A Health Canada advisory is raising concern over potential health risks of talc, saying in powder form it may be harmful to lung health and it could increase the risk of ovarian cancer.

The mineral is under the microscope of both Health Canada and Environment and Climate Change Canada.

In a new draft screening assessment, the federal departments propose inhaling talc may harm lungs and topical use in the genital area of females could raise the risk of ovarian cancer.

The Manitoba Lung Association said there are alternatives available, such as corn starch.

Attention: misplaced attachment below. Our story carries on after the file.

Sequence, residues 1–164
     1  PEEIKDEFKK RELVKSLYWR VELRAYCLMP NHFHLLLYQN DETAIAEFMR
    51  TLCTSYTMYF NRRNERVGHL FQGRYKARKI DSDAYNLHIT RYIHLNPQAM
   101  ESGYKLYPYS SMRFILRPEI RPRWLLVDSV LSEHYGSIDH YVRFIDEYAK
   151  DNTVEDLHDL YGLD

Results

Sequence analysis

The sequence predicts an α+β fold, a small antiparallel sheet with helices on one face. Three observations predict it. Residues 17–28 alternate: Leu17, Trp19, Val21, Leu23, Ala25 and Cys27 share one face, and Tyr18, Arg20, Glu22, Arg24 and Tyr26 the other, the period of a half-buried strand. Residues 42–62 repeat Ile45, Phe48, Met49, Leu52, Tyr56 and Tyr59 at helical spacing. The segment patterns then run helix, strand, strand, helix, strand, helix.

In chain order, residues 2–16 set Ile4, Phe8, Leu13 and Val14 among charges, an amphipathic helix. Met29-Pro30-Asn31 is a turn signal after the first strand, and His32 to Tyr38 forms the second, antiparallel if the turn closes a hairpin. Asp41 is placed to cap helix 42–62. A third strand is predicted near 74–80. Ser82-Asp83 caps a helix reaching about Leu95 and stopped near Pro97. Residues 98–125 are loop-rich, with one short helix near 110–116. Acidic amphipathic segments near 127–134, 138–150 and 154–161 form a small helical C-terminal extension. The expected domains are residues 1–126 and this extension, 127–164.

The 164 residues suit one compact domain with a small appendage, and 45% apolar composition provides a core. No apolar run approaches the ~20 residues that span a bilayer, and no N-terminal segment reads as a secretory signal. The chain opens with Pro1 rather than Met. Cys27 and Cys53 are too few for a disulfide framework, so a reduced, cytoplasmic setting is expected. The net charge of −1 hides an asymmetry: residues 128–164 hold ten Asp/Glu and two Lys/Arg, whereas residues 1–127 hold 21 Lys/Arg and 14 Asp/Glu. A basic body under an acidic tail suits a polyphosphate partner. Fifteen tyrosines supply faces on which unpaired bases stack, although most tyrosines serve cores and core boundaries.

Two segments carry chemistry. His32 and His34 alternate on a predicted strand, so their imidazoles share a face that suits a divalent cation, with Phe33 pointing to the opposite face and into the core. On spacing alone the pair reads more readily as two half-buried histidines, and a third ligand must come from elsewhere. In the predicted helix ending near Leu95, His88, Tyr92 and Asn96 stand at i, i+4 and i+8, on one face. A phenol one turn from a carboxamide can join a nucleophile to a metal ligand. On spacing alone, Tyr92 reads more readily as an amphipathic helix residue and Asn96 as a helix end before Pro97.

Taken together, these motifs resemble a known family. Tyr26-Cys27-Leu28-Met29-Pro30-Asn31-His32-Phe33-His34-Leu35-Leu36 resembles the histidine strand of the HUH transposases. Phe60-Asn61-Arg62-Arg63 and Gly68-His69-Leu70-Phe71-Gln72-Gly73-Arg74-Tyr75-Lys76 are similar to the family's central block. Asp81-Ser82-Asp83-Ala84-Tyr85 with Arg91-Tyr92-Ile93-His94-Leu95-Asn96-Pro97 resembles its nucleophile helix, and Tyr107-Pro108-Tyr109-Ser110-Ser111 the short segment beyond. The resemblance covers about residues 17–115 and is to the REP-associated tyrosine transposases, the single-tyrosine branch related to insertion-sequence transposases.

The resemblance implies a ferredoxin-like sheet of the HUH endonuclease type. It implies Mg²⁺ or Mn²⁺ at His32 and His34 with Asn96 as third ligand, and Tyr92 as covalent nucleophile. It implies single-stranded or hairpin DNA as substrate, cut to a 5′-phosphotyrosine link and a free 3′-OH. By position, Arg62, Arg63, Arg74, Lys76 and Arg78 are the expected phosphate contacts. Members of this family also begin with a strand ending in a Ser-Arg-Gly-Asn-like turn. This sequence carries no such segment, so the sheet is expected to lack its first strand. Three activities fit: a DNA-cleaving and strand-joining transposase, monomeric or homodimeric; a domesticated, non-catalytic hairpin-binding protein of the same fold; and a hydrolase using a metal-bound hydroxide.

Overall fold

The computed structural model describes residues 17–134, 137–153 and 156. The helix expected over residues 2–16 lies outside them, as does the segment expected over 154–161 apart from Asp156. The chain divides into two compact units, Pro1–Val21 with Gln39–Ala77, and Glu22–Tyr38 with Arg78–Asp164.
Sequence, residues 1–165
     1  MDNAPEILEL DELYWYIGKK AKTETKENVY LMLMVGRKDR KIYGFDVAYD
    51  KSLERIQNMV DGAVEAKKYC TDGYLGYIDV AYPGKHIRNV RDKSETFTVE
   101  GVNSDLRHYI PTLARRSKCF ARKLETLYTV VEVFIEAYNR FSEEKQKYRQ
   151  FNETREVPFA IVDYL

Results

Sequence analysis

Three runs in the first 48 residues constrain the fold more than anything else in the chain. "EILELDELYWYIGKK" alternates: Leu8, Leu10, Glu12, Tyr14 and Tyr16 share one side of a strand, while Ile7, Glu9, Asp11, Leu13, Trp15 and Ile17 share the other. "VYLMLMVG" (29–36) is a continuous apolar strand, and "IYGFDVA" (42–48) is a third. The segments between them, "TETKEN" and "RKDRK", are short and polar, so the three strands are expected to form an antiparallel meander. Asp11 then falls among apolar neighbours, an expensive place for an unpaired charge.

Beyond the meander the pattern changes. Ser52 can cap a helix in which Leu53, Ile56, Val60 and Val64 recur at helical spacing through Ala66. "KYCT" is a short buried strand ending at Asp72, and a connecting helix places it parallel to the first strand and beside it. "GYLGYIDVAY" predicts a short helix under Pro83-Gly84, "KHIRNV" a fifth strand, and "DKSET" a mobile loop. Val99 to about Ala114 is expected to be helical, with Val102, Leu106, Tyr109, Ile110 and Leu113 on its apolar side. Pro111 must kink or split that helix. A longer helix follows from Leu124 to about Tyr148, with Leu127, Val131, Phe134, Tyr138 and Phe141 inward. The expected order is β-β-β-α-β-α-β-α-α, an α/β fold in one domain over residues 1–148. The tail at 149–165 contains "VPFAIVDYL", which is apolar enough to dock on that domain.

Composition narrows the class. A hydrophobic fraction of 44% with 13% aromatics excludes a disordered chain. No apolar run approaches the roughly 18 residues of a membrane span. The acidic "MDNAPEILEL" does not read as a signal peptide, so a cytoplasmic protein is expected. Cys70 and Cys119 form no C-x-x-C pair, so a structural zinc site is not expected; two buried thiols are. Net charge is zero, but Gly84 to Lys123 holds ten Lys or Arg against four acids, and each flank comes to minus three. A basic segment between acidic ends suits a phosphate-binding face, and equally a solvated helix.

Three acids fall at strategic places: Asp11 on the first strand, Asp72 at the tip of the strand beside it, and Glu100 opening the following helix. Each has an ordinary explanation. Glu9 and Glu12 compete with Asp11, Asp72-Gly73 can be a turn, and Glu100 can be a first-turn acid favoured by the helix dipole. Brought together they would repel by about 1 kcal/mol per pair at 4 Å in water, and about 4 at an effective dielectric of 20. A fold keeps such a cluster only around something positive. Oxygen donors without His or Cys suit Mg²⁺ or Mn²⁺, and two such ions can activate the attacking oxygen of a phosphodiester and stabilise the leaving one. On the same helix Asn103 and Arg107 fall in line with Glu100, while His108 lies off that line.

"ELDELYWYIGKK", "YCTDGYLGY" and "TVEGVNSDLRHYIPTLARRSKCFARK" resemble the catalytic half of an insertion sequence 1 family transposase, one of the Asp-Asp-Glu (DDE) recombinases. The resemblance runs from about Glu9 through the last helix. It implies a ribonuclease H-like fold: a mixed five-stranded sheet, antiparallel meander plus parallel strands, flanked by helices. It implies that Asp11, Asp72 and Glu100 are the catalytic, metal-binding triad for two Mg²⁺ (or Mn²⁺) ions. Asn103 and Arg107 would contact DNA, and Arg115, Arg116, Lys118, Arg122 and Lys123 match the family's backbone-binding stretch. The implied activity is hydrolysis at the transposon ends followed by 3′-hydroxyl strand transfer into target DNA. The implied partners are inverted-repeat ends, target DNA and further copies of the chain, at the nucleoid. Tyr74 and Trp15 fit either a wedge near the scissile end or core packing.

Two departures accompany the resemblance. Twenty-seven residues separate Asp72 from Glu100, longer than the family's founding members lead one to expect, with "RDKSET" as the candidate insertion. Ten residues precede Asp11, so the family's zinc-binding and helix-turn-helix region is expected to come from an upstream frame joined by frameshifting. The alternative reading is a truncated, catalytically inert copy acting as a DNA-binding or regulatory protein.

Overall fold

"There's really no need for us to be exposing ourselves to a potential problem when it's really not a necessary thing," said Neil Johnston, president and CEO.

He also said talc is a difficult substance to clear from lungs, where it can cause scarring.

"It can be harmful if it’s inhaled in large amounts or over periods of time,” he told CTV News.

To reduce risk, the draft assessment advises people to:

  • avoid inhaling loose talc powders
  • avoid female genital exposure to products containing talc
  • keep baby powder away from a child's face to avoid inhalation
  • check product labels for talc and choose talc-free alternatives if concerned

With files from CTV's Michelle Gerwing